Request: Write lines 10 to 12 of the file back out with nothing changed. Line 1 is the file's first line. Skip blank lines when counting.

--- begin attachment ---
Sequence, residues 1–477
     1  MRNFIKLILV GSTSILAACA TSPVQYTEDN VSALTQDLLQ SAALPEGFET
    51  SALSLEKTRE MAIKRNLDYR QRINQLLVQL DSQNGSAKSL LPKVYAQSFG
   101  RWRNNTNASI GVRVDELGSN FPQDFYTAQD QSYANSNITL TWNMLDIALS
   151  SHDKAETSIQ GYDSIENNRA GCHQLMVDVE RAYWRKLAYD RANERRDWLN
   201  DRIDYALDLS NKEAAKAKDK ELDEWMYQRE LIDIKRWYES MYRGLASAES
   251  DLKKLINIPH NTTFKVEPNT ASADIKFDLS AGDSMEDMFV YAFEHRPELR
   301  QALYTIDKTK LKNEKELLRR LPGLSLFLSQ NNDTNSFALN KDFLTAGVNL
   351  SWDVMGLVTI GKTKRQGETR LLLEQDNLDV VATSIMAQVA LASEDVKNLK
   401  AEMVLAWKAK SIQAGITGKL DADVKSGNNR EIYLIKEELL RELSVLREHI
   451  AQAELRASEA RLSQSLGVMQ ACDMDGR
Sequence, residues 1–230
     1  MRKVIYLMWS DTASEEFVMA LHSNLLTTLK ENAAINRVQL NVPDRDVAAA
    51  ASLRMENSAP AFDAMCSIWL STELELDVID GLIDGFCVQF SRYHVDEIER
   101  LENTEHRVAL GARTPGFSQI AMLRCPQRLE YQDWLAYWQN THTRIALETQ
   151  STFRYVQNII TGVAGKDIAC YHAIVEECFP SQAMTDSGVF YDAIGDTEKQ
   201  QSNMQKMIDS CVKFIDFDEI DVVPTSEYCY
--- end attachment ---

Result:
   401  AEMVLAWKAK SIQAGITGKL DADVKSGNNR EIYLIKEELL RELSVLREHI
   451  AQAELRASEA RLSQSLGVMQ ACDMDGR
Sequence, residues 1–230